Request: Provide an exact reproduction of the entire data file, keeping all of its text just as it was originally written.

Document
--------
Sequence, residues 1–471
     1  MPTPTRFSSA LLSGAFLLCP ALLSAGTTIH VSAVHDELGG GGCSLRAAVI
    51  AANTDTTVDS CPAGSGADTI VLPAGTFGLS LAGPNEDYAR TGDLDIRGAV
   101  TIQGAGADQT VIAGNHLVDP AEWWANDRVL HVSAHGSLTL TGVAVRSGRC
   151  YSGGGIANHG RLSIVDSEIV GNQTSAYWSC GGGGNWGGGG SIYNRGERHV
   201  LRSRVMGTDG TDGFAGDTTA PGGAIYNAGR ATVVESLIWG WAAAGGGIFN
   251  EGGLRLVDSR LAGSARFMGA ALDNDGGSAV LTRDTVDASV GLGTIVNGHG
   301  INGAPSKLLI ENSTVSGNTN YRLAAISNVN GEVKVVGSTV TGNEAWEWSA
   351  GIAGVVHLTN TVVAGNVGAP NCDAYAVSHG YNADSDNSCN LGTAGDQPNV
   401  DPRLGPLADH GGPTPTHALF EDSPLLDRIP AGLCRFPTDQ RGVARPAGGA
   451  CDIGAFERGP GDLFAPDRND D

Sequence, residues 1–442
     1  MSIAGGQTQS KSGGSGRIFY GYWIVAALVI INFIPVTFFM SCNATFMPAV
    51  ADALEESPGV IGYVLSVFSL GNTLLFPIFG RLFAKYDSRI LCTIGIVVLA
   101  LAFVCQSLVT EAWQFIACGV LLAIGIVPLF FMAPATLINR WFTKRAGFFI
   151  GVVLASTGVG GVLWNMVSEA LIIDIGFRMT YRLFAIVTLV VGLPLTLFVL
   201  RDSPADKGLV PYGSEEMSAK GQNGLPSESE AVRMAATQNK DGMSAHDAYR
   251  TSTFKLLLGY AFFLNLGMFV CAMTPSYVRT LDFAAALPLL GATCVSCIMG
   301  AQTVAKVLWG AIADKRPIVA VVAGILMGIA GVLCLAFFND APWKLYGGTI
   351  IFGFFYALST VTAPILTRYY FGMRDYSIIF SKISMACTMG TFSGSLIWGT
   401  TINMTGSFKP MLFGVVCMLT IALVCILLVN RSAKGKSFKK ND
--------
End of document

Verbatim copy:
Sequence, residues 1–471
     1  MPTPTRFSSA LLSGAFLLCP ALLSAGTTIH VSAVHDELGG GGCSLRAAVI
    51  AANTDTTVDS CPAGSGADTI VLPAGTFGLS LAGPNEDYAR TGDLDIRGAV
   101  TIQGAGADQT VIAGNHLVDP AEWWANDRVL HVSAHGSLTL TGVAVRSGRC
   151  YSGGGIANHG RLSIVDSEIV GNQTSAYWSC GGGGNWGGGG SIYNRGERHV
   201  LRSRVMGTDG TDGFAGDTTA PGGAIYNAGR ATVVESLIWG WAAAGGGIFN
   251  EGGLRLVDSR LAGSARFMGA ALDNDGGSAV LTRDTVDASV GLGTIVNGHG
   301  INGAPSKLLI ENSTVSGNTN YRLAAISNVN GEVKVVGSTV TGNEAWEWSA
   351  GIAGVVHLTN TVVAGNVGAP NCDAYAVSHG YNADSDNSCN LGTAGDQPNV
   401  DPRLGPLADH GGPTPTHALF EDSPLLDRIP AGLCRFPTDQ RGVARPAGGA
   451  CDIGAFERGP GDLFAPDRND D

Sequence, residues 1–442
     1  MSIAGGQTQS KSGGSGRIFY GYWIVAALVI INFIPVTFFM SCNATFMPAV
    51  ADALEESPGV IGYVLSVFSL GNTLLFPIFG RLFAKYDSRI LCTIGIVVLA
   101  LAFVCQSLVT EAWQFIACGV LLAIGIVPLF FMAPATLINR WFTKRAGFFI
   151  GVVLASTGVG GVLWNMVSEA LIIDIGFRMT YRLFAIVTLV VGLPLTLFVL
   201  RDSPADKGLV PYGSEEMSAK GQNGLPSESE AVRMAATQNK DGMSAHDAYR
   251  TSTFKLLLGY AFFLNLGMFV CAMTPSYVRT LDFAAALPLL GATCVSCIMG
   301  AQTVAKVLWG AIADKRPIVA VVAGILMGIA GVLCLAFFND APWKLYGGTI
   351  IFGFFYALST VTAPILTRYY FGMRDYSIIF SKISMACTMG TFSGSLIWGT
   401  TINMTGSFKP MLFGVVCMLT IALVCILLVN RSAKGKSFKK ND